The testimony showed that defendant Morrow was not wearing shoes *43when he was initially arrested by the police for a traffic violation. On direct examination by the State, Officer Thomas Ptak testified that he brought this matter to the attention of an Assistant State’s Attorney. Accordingly, on Sepember 22, 1971, the two of them went to the area where the body of the victim had been found. Officer Ptak testified that they spoke to a city worker at the site who told them that a pair of black shoes had been found there. They went to the place in question, identified as some 40 feet east of where the body was found, and found a pair of black shoes “in a semihidden state” under a pile of wood. At this point, at the request of the State’s Attorney, the witness identified a pair of black shoes, referred to as People’s Exhibit 54A and 54B, as being the shoes in question. The witness stated that the backs of these shoes were placed down so that “they were worn in a slipper fashion.” No objection was made upon any ground to any of this evidence by any person.
On cross-examination of Officer Ptak, counsel for defendant Morrow broadened tire scope of this matter. He asked the witness if he had ever taken the shoes back to Morrow’s wife and had asked her if she recognized them. The witness responded affirmatively. He asked the witness if Mrs. Morrow told him that she did not recognize them. The witness replied negatively. Counsel then attempted to impeach the witness by reading a question and answer from a transcript of his testimony before the grand jury in which he allegedly stated that in the conversation Mrs. Morrow said that, “9 9 9 she had no idea at all about his shoes she could not tell us anything.” The witness responded that he could not recall this testimony.
As we would expect, the State’s Attorney on redirect examination inquired about this conversation. Counsel for defendant Morrow objected on the ground that the conversation would be hearsay. Counsel for defendant Macldns made a general objection. The court overruled these objections and permitted the witness to testify that Mrs. Morrow told him that the defendant did have a pair of shoes like those but that, “9 9 9 she hadn’t seen those shoes for a couple of days.” Defendant Morrow testified on direct examination that he was wearing “brown hush puppies” on the evening in question. He was given a pair of “house shoes” after his release from jail in connection with a traffic offense.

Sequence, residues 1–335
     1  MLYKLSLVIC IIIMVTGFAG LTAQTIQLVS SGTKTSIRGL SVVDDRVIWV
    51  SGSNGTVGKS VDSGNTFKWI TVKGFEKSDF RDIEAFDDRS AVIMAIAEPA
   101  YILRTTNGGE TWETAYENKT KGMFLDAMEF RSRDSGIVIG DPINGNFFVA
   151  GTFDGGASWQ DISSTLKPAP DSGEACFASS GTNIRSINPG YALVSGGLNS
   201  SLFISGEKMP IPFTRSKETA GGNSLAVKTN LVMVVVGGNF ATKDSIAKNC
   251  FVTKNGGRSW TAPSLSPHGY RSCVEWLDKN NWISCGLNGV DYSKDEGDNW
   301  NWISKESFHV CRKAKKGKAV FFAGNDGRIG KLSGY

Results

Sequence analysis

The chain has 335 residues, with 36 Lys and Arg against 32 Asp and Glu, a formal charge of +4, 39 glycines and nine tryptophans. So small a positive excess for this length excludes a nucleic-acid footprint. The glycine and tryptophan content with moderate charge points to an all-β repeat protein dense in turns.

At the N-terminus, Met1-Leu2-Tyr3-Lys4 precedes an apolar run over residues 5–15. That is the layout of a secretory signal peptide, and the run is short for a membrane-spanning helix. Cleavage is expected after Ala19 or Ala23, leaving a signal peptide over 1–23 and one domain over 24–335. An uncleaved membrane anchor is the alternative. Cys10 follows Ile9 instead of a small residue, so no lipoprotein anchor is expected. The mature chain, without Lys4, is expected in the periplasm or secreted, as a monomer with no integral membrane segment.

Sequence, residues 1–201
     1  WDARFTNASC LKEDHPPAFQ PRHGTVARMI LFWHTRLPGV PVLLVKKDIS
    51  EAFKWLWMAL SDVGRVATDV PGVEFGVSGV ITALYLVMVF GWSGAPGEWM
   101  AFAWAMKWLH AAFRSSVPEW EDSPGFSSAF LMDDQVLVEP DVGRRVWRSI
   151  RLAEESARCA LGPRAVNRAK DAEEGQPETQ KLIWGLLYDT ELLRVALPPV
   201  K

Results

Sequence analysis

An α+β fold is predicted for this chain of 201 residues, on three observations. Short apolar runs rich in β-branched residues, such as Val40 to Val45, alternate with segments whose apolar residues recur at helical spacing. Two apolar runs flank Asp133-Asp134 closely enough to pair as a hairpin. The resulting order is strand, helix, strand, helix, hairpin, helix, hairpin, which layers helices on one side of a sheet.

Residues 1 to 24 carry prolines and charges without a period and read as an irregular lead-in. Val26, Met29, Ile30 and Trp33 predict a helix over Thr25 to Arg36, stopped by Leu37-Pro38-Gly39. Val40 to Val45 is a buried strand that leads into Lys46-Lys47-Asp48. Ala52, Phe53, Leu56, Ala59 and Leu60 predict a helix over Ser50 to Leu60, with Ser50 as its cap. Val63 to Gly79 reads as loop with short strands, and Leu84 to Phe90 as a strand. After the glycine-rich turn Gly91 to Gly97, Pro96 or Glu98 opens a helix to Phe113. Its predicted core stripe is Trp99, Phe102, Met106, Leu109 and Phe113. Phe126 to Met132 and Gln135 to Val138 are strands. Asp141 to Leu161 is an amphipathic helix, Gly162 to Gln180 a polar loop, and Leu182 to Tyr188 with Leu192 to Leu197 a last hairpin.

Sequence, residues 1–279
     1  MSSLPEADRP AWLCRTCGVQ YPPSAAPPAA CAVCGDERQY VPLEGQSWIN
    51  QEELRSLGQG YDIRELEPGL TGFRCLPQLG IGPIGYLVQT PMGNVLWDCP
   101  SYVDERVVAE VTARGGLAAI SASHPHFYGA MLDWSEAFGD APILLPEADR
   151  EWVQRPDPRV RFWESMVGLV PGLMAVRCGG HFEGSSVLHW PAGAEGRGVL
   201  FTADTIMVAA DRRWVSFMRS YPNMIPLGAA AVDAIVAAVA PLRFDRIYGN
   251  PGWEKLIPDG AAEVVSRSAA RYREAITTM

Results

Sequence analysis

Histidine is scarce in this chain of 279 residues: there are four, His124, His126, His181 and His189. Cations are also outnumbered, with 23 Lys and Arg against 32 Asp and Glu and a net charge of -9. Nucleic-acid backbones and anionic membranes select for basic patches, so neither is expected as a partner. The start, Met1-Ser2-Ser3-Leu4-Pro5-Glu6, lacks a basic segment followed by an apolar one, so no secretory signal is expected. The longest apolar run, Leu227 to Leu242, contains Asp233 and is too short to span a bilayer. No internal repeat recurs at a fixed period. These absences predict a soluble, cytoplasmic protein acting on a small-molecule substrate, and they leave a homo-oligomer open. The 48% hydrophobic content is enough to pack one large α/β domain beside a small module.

Thereafter the matter of the shoes found at the crime site was brought before the jury again by counsel for defendant Morrow. On cross-examination of Timothy Zamb, a police microanalyst called by the State, defense counsel brought out that the shoes had been examined in the police laboratory and were found to be without any comparison linking them to the dirt or ground in question and without blood stains “or anything of that nature.” Thereafter the shoes were offered in evidence *44by the State and were received without any objection by either defendant. In closing argument, the State made mention of the shoes and of the fact that when Morrow was arrested he had no shoes on. This was described as a circumstance which was important in the proof of guilt. No objection to this argument was made by counsel for either defendant. No reference was made to the statement by Mrs. Morrow. This extrajudicial statement of Mrs. Morrow, as testified to by tire officer, was out of court, not under oath and not subject to cross-examination. It was hearsay. (People v. Carpenter, 28 Ill.2d 116, 120, 121, 190 N.E.2d 738.) But, in view of the general and indecisive nature of the statement, and upon review of the entire record regarding this phase of the case, we cannot say that these sparse references to the shoes in question constituted reversible error.
Defendants urge prejudicial error in permitting the jury to hear testimony that murder charges were placed against the defendant on advice of an Assistant State’s Attorney. This contention is negated by the record. On direct examination, a police officer testified that at one point Morrow was transported from the third police district to the ninth. The officer also testified that subsequently he had a conversation with an Assistant State’s Attorney. When asked what he did then regarding defendant Morrow, he stated, “The State’s Attorney advised us * *
The balance of his response was cut off by an objection by defense counsel which the court sustained. The record then discloses the following:
“Q. [By Assistant State’s Attorney] Why was he transported from the third district to the ninth district?